This is an experimental track; it’s recorded in dual mono. Quite how this works is described at the end of the review. I’d thought about putting all that detail into the review itself but thinking about it the important thing is what it sounds like. Basically there’s no point in being experimental if it doesn’t sound any good.
The good news is that it does sound good, really good. The power of the hard panned sounds is frankly scary. And even though you know there’s no stereo soundscape, your mind can’t help but construct one. But the thing is that you can, or at least I can, move the sounds within that soundscape. It’s really strange, and kinda wonderful.
Musically ‘Kosmische Musik?’is hitting all kinds of No-Wave, post-punk and Kraut-rock. There are hints, if you need to know, of the dirty synth sound of The Normal, the jerk and contortions of James Chance, the glorious rhythm of The Talking Heads. These are there but frankly unimportant because the sounds that assault you are the thing, the frankly irresistible jerky groove is a call to go wild on the dancefloor. The song seems to be about demanding your phone call to your lawyer when you’re under arrest and the prison system in general. But on another level the vocals are part of the music; they’re another layer of jerky rhythm.
Pop Vulture have made something, experimental as it is, that is a complete and utter joy to your ears, It’s compelling and irresistibly groovy.
‘Kosmische Musik?’ was originally written as an ode to the genre of krautrock with it’s simple and repetitive melodies, slow developing, minimalist rhythms and extended instrumental sections along with politically stanced lyrics questioning the prison system. Wanting to use the constraints and sensibilities that krautrock had to offer, they looked for inspiration from bands such as CAN, Neu! and Kraftwerk. What emerged from this was just two simple guitar melodies that cut through the whole of the song, containing just five notes, which defines the cutback, minimalist approach to this song.
After spending some time in London, the band’s guitarist Jacob Tresidder did some work at Press Play Studio’s, owned by Andy Ramsay of Stereolab. During this time, Jacob was heavily inspired by Stereolab’s 2003 album “Margerine Eclipse” which presented itself in a form resembling very early stereo productions with very extreme and hard panning. The dual-mono presentation of the album piqued Pop Vulture’s interest that after a short band discussion it was decided to do a Dual-Mono version of a song.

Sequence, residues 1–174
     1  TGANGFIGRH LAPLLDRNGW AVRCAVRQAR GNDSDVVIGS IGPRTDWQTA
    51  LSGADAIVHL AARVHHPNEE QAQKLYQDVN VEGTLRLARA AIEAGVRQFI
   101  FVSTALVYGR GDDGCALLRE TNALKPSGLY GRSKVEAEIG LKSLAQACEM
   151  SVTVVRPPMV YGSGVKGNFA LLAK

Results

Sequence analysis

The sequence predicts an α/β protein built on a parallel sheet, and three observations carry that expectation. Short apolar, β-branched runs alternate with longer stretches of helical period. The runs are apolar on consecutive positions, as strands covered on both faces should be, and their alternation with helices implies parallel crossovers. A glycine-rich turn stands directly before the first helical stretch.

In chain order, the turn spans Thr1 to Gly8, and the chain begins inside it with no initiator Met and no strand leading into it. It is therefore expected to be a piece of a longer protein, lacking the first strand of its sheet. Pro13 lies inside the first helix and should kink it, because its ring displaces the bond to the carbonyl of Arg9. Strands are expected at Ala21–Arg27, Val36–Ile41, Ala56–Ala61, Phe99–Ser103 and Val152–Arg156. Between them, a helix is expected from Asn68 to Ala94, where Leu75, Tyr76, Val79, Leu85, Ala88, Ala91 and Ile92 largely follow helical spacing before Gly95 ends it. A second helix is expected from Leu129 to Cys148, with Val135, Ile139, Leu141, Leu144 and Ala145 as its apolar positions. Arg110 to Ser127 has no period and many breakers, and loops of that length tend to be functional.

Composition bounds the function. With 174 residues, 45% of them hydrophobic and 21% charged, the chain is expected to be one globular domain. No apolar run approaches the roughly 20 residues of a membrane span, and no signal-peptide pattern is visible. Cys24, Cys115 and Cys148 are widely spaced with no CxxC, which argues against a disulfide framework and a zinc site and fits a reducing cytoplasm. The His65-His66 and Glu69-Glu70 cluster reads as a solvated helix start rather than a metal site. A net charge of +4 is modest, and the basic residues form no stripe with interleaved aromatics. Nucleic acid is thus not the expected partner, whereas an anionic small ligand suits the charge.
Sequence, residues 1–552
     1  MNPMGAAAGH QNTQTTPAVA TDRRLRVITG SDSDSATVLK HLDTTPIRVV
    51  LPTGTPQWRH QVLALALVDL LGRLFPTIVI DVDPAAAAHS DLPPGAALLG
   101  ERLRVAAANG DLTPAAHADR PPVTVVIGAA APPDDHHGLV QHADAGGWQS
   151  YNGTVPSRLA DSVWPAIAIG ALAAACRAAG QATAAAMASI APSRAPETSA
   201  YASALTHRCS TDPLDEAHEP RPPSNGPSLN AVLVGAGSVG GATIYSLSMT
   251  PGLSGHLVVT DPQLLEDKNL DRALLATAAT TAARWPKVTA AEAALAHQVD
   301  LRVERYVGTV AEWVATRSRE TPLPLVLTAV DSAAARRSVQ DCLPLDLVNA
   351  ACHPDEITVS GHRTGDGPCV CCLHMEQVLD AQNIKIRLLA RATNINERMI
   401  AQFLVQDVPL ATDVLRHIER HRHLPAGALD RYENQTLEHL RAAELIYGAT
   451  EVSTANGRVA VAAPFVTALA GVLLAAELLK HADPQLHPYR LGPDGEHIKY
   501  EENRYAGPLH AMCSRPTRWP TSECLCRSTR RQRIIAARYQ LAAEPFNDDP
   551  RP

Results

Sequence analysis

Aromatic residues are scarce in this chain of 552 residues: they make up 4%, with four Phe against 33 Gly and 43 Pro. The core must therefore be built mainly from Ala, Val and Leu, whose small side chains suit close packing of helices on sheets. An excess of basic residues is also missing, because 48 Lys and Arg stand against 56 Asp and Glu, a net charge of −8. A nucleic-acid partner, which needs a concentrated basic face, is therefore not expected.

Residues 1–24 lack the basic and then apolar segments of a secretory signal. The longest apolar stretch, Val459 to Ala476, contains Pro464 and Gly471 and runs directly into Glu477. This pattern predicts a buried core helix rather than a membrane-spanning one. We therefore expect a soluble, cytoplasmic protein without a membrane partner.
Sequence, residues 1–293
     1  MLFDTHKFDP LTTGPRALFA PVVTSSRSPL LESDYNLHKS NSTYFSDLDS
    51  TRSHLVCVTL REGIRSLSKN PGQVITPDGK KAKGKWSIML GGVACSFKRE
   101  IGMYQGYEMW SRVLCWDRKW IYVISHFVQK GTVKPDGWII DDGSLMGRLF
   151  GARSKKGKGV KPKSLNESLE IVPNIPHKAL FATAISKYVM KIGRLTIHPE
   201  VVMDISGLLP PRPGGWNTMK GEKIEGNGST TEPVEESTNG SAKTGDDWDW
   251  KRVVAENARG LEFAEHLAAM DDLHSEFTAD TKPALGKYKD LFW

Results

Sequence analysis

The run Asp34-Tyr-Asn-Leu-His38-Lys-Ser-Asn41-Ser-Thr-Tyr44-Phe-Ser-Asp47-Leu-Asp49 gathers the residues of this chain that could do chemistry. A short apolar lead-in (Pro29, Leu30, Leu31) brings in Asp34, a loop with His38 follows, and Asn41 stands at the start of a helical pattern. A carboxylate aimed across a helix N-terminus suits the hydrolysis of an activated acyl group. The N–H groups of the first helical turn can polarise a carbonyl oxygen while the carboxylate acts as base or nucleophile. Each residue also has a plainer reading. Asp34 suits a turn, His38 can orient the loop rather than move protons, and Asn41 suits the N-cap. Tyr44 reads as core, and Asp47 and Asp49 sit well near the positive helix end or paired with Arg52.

The idea of Dual-Mono is that you have two mono arrangements of a song that when played together over two speakers come to form a new arrangement of the song collectively. This translates to having everything hard panned to either the left or the right channel aiming to create a pseudo-centre image.
Since the original ‘Kosmische Musik?’ had been recorded with such minimalist textures, an exploration into additional instrumentation and new melodies was devised and explored. The band recruited Sam Heffer, who drums for Leeds based band Dense, as well as Arron Francis, who plays saxophone for Leeds based band Genie Genie, and Adam Wilkin, an incredible Leeds based trombonist, to perform on this alternative and experimental version of the song.
The drumming of Luc Gibbons in the right channel is balanced out with the beats laid down through the left channel from Dense’s Sam Heffer. The synth bass riffs compliment those of Sam Curwen, various saxophone and trombone melodies peer in and out throughout the song.